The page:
Remember, I was still going to tell you about what I did last year?
I was on a Working Holiday in Australia (this one, the age limit was 30, so last year was my one last hurrah), and I did a lot of things (odd jobs roll call: retail assistant, door-to-door fundraiser, brand ambassador, and teach kids coding and robotics).
(It’s taken on the same day as the profile picture)
If you are on this blog, you probably know that I’m a game developer. Yah, aside from the teaching kids bit, none of the other jobs are game dev related. And there is a reason behind that.
I am an introvert who is afraid of talking to strangers. I get intimidated around people. Even when I’m with a big group of friends, I would withdraw and just keep quiet.
Now I joke about not getting into an elite all-girls school, because I didn’t talk during the interview. “Hindi ako pumasa ng Ica, dahil hindi ako nagsalita,” I would tell people. Instead I went to a coed school where people had average wealth and average intelligence. And I didn’t even get into the Intensive class because while I was alright in Science, I was bad at Math.
But, this girl who is bad at Math had not one, but two Calculus classes, because Computer Science.
Remember grit? It’s passion and perseverance, it’s not intelligence or talent that brought me to the UK and got me the GameIndustry.biz 100, and now Australia, it’s grit. It’s never giving up. It’s trying and trying again.
Oh wait, I digressed. Let me go back to my odd jobs.
So for my brand ambassador job, I had to have 32 engagements per shift- what that means is that I need to talk to 32 people a day. For my door to door fundraising job, I literally walked blocks and knocked on every single door and talked to literally everyone that opens their door (some don’t).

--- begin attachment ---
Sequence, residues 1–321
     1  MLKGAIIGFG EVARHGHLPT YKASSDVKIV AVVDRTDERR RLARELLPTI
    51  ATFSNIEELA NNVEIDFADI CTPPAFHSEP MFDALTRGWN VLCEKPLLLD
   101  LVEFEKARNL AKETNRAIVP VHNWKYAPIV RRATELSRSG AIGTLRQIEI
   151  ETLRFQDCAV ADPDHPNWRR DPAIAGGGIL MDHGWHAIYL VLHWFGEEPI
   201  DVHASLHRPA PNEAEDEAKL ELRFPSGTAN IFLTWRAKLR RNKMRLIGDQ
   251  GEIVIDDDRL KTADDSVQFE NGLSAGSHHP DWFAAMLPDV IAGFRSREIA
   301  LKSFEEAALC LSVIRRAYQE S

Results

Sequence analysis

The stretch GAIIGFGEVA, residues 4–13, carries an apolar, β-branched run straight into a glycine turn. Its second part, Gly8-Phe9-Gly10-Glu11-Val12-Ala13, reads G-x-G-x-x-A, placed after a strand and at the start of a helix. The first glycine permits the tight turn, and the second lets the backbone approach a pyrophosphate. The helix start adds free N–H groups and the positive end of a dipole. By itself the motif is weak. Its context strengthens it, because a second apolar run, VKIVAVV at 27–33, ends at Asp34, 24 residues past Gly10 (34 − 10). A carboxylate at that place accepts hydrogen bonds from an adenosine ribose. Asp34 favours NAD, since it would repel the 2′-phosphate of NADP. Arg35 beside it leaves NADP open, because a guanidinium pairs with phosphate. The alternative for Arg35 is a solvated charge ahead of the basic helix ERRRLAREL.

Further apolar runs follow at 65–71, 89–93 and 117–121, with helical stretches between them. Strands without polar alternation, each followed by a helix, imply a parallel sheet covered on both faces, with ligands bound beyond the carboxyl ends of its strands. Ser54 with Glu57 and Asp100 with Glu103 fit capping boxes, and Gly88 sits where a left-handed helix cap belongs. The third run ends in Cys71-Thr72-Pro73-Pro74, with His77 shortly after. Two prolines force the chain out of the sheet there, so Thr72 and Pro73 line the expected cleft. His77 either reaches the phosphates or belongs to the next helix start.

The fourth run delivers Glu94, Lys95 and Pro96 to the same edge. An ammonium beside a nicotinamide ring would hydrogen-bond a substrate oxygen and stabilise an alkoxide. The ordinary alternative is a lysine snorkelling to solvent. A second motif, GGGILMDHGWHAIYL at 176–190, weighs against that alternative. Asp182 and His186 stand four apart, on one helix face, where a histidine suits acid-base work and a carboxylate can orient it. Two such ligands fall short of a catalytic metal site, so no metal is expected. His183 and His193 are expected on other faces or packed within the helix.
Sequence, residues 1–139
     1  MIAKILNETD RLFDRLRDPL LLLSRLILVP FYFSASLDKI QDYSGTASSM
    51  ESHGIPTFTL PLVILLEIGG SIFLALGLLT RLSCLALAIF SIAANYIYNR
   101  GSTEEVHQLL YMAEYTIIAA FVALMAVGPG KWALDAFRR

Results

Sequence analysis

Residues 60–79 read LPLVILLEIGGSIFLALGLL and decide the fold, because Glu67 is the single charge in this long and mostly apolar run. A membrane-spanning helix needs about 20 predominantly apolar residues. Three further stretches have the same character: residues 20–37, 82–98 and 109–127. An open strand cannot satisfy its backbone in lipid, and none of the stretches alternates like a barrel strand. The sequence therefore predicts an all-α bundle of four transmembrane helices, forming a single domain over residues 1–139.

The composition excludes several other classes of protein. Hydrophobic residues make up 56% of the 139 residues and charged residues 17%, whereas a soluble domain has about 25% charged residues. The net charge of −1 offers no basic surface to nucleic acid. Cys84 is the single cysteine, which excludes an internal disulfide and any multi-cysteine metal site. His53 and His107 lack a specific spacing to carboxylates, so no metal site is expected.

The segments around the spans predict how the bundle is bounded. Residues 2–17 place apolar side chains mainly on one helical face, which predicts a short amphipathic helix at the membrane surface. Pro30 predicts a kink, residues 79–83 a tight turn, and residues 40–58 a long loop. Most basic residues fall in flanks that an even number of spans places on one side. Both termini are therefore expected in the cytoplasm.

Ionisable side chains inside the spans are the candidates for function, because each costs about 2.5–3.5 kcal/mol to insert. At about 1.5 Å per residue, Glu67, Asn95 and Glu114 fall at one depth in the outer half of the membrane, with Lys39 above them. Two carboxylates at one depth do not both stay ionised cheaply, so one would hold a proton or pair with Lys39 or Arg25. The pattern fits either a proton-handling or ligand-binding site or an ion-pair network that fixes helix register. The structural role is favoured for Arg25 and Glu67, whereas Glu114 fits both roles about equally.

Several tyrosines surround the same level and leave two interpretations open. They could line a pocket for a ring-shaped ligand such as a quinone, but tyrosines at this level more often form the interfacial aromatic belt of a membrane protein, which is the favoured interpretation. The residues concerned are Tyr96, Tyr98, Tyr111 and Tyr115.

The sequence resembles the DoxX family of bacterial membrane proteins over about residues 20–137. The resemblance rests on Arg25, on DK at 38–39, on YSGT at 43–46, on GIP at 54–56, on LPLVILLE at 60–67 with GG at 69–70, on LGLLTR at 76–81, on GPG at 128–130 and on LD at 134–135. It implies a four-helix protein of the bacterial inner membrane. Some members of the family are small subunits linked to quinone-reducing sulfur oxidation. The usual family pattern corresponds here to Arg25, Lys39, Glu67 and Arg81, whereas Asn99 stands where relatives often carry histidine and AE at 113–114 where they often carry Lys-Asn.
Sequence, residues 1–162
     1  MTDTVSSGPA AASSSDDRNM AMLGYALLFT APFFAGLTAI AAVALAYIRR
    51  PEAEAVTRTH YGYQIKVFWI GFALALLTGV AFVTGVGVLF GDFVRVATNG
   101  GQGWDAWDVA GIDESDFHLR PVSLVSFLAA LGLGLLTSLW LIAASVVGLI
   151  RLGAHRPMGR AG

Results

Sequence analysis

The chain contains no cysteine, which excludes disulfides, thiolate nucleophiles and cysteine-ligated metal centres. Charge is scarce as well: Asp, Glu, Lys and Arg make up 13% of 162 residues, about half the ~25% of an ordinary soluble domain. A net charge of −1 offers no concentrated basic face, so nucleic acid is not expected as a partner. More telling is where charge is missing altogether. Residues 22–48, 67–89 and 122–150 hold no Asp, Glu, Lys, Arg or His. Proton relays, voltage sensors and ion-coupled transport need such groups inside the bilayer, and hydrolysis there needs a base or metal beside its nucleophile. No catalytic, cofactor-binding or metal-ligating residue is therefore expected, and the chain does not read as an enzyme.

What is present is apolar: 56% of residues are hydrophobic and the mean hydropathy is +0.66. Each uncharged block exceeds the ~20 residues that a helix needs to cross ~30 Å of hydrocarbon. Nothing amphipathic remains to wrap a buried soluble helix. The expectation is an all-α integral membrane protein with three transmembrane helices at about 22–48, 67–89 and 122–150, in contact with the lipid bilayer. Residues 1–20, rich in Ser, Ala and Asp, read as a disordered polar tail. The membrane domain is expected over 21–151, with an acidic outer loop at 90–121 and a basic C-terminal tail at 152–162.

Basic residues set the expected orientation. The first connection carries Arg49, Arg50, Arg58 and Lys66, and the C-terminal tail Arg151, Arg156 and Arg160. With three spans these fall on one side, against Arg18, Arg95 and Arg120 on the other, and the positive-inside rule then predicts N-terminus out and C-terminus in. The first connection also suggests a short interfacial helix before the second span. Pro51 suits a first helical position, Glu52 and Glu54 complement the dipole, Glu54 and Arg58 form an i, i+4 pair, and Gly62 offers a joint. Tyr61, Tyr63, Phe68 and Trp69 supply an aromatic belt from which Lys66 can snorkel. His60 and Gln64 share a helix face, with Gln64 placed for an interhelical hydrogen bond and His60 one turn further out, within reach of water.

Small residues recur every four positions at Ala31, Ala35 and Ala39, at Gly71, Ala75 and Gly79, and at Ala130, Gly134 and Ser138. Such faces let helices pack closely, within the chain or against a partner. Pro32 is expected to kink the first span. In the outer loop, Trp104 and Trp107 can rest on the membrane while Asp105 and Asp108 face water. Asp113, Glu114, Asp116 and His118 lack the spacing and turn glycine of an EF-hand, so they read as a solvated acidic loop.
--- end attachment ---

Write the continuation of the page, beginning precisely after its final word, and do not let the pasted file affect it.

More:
Why put myself through torture (it’s torture for me)? And I wasn’t good at it, obviously.
But that’s it, right. It’s grit. Is keep trying. It’s facing your fears. It’s learning to be brave. I also watch a lot of Will Smith YouTube videos, and he says: “The point of maximum danger is the point of minimum fear.” And I’m not even jumping off an airplane.
I also watch a lot of YouTube videos by YesTheory and their motto is: “Seek Discomfort”, because they believe the best things in life are on the other side of fear. And I love that.
Did I completely conquer my fear? Maybe not completely. But at least it’s enough to fool people into thinking that I’m an extroverted introvert.
Oh right, let’s circle back to the PhD application. I applied again. And I improved my application. The most important difference is: I’m not afraid to shout out my achievements. Impostor Syndrome doesn’t have a place in PhD and job applications. I learned that I worked hard to be where I am and to achieve the things I did. And I don’t have to be humble about it. I deserve this.
Oh yeah, I got the scholarship second time around. And I’m back in Melbourne and I was typing bits of this post in the State Library. This story is all over the place, and I’d like to apologize for that (yah, I’m not going to be writing a self-help book anytime soon).
Instead I’d like shout out to the following books (I highly recommend it):
That’s it for now. And I’ll keep on fighting and never giving up!